Phillips approached the London-based insurance company Robertson Taylor. The complex policy was only hammered out in the past two weeks after Jackson had a rigorous medical check-up at his LA home.
Phillips said: “Michael was put through a whole battery of tests; stress, treadmill, electrocardiogram, bloodwork and he passed them all. It’s a very complicated policy. Its very important he doesn’t perform consecutive nights.
“He’s in very good health. I’m 54, he’s 50 and I would like to have his cholesterol levels. He is a magnet for some of the strangest stories. The flesh-eating disease and things like that are simply not true. I have to say when I saw him last year he looked a little frail, but this time at the MGM Grand, he looked great.”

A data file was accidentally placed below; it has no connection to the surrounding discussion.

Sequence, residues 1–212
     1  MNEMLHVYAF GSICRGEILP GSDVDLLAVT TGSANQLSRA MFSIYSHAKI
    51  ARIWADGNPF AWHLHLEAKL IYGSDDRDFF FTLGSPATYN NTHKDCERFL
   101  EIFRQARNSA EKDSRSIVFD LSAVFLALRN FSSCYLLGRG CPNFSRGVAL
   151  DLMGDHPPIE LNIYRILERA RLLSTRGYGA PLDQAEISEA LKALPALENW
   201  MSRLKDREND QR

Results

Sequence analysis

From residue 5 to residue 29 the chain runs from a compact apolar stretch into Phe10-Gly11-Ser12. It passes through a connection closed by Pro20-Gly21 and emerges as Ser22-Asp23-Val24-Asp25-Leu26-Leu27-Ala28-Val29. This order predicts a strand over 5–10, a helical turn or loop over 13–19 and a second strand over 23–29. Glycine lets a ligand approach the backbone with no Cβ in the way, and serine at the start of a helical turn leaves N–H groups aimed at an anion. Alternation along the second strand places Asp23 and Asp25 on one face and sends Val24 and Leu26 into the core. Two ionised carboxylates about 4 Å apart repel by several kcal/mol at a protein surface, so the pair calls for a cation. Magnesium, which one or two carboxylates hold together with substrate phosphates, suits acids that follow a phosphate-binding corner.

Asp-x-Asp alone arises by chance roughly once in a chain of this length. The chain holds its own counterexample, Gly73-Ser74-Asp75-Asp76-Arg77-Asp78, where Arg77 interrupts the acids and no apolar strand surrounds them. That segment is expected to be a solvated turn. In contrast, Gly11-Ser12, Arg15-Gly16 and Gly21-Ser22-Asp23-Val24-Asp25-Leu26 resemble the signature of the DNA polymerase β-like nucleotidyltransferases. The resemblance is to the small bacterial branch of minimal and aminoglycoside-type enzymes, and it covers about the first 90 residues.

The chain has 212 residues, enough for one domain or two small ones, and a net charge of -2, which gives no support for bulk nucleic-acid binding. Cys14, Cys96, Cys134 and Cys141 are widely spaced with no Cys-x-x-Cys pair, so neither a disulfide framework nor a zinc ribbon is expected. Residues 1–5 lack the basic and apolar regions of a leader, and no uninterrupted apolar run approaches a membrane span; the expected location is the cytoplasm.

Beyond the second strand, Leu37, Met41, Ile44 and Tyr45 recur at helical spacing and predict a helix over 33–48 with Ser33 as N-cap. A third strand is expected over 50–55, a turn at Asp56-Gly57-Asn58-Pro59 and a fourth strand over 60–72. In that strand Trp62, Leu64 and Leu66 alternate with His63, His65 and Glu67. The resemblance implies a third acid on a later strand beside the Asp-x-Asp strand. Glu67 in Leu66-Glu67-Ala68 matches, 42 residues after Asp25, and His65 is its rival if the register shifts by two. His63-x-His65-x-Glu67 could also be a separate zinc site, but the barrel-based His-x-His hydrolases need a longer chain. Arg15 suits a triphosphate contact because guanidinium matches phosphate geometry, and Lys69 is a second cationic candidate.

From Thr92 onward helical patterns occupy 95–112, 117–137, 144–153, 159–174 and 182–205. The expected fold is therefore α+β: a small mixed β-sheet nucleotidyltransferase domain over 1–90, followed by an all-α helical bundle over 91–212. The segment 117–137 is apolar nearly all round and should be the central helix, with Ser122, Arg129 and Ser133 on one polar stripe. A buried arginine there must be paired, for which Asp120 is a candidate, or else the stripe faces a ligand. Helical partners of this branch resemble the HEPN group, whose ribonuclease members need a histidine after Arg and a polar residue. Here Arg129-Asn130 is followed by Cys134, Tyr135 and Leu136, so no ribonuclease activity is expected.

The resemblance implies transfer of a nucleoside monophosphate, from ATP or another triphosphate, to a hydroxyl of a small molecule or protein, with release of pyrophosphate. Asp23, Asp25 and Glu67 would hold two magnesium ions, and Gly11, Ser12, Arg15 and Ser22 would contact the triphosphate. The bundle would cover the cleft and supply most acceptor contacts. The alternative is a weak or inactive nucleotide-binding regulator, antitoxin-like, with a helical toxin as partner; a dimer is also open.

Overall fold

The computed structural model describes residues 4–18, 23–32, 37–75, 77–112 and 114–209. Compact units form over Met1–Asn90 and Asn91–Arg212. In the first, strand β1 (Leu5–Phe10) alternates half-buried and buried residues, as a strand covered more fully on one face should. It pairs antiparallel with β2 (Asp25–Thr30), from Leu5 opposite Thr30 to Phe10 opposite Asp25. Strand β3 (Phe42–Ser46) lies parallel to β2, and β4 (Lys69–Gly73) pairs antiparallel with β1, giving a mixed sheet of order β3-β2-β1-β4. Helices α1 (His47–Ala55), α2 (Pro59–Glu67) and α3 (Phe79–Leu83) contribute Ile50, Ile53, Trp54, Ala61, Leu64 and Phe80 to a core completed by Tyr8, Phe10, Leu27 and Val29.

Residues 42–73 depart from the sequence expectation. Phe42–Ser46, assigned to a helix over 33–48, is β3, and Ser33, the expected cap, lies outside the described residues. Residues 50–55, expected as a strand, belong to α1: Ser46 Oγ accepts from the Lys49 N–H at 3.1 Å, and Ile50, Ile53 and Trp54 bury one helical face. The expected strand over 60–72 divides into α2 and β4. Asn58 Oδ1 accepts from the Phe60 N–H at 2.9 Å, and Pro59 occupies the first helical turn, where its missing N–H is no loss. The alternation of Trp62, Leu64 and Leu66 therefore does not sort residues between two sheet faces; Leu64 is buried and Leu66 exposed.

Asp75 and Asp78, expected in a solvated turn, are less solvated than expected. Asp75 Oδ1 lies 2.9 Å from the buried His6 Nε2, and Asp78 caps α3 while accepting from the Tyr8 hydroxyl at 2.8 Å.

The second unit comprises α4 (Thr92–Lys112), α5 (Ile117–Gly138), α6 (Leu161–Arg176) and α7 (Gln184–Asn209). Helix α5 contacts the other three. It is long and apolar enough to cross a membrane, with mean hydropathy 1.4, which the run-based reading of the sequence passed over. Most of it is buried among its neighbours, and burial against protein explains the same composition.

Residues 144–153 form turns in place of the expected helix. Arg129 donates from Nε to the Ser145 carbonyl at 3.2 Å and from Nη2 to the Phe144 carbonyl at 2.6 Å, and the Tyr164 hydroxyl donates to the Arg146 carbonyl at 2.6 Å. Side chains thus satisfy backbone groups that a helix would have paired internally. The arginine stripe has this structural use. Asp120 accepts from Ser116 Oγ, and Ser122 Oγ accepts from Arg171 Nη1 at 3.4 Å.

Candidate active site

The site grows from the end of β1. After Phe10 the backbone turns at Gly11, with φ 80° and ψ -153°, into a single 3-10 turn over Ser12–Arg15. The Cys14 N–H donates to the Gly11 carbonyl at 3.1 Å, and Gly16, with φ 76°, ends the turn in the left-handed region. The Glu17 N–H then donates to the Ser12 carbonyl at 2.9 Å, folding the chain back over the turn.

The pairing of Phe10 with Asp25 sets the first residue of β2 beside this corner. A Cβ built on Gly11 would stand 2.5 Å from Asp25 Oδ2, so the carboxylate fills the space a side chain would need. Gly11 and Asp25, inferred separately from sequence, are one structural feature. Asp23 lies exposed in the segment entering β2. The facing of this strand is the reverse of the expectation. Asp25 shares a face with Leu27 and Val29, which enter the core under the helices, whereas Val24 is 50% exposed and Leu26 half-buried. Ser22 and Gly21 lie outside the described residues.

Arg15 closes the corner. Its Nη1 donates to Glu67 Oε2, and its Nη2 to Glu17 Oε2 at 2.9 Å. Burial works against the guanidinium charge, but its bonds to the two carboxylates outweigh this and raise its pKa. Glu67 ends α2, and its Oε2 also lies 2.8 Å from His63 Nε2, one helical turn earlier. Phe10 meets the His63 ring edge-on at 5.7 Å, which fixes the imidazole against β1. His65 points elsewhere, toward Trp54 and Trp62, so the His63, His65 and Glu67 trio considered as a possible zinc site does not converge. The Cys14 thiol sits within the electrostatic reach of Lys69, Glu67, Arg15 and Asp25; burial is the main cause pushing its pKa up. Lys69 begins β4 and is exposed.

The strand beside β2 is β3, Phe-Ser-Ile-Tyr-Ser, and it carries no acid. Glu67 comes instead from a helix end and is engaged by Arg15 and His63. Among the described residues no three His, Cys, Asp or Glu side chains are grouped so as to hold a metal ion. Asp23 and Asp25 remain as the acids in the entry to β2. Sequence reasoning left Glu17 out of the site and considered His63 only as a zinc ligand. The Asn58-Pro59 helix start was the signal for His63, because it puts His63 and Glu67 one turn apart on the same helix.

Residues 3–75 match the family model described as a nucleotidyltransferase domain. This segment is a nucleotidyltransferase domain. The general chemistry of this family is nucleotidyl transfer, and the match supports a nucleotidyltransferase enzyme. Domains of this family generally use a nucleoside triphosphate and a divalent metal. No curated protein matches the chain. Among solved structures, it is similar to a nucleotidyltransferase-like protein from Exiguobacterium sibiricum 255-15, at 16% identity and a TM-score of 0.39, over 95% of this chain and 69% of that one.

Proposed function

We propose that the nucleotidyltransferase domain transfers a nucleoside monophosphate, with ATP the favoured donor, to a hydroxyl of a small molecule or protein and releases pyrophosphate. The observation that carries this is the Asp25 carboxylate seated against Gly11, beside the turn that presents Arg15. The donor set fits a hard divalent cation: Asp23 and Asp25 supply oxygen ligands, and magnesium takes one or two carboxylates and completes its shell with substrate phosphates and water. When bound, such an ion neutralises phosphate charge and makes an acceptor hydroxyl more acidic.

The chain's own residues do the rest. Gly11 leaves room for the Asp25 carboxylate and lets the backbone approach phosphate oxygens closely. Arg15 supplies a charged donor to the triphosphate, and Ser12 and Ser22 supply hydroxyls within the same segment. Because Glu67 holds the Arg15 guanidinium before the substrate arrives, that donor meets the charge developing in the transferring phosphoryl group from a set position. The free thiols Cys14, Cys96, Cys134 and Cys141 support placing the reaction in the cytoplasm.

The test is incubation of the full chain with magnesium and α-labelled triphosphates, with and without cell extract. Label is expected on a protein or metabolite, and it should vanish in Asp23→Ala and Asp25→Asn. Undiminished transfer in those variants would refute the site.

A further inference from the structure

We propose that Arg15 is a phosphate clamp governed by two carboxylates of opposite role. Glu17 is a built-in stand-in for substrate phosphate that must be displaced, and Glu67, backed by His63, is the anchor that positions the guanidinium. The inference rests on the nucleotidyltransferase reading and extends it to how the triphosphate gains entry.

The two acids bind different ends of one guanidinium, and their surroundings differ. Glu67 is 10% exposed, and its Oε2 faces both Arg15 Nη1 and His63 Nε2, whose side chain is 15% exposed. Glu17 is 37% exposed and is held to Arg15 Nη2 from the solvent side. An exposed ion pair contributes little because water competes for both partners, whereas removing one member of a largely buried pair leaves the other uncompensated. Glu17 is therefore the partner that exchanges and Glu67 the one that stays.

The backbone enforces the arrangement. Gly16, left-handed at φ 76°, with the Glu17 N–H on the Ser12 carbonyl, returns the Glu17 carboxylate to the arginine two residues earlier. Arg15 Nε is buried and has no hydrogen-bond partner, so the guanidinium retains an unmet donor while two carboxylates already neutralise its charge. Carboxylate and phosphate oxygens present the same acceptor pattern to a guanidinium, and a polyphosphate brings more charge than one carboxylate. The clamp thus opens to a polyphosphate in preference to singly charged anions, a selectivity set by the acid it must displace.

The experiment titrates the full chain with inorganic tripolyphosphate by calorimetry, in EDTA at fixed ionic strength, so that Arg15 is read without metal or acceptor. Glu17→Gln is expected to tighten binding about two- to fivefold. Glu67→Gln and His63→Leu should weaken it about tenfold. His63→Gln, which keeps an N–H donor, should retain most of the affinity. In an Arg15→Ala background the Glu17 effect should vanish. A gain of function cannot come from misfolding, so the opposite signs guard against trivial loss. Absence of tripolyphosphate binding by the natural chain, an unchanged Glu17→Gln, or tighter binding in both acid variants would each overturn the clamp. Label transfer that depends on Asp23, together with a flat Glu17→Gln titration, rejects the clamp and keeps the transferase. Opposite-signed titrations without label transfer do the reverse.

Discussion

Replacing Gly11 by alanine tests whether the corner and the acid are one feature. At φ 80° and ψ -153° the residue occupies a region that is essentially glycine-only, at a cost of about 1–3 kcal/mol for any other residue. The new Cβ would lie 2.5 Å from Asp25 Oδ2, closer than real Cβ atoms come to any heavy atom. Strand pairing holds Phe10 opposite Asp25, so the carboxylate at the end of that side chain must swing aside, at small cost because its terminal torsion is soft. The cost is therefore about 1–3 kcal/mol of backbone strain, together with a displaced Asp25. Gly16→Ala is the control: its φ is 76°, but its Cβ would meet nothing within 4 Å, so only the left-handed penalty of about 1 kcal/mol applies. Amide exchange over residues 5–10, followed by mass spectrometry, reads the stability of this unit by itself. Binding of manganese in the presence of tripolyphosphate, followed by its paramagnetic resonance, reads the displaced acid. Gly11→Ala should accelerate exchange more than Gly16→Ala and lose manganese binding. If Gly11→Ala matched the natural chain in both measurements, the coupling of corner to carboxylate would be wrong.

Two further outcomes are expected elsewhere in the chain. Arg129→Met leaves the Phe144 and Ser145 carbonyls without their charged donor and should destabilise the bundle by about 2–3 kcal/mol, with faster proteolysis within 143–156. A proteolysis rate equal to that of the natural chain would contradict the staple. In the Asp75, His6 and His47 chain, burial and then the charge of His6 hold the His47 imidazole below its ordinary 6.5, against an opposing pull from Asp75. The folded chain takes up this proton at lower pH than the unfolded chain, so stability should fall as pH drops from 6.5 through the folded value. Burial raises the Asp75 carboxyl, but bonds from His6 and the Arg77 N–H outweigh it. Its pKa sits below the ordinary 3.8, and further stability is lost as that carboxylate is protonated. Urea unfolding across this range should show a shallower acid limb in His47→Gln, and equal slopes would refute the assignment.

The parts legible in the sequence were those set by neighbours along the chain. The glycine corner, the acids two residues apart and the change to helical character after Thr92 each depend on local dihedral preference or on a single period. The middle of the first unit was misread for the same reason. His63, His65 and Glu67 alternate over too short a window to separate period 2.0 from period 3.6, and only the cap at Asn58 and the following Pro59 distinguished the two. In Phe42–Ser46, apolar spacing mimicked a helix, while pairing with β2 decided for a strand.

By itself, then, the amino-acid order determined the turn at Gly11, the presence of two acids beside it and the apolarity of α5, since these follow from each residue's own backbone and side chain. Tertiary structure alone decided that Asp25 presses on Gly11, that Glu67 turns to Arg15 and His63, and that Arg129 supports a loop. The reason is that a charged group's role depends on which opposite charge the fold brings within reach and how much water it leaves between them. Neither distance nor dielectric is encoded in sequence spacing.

Phillips now speaks to Jackson directly each day. “He calls me all the time. We spoke on Wednesday afternoon. He said: [putting on high voice] ‘Randy, Randy no more shows, no more shows.'”
There are now 50 shows, stretching into January and February next year. While industry insiders remain sceptical, many are convinced Jackson will mime at least part of those gigs. But Phillips is confident.
“My guts tell me he’s gonna do it,” he said. But none of us will know for sure until July 8 when Jackson takes to the stage for his first night at the O2.
Assuming, of course, that he actually turns up.
Don’t miss it
Tickets for the 50 Michael Jackson concerts have all been sold out. But if you can scrape together Dh128,000, you might find a ticket online. Ouch!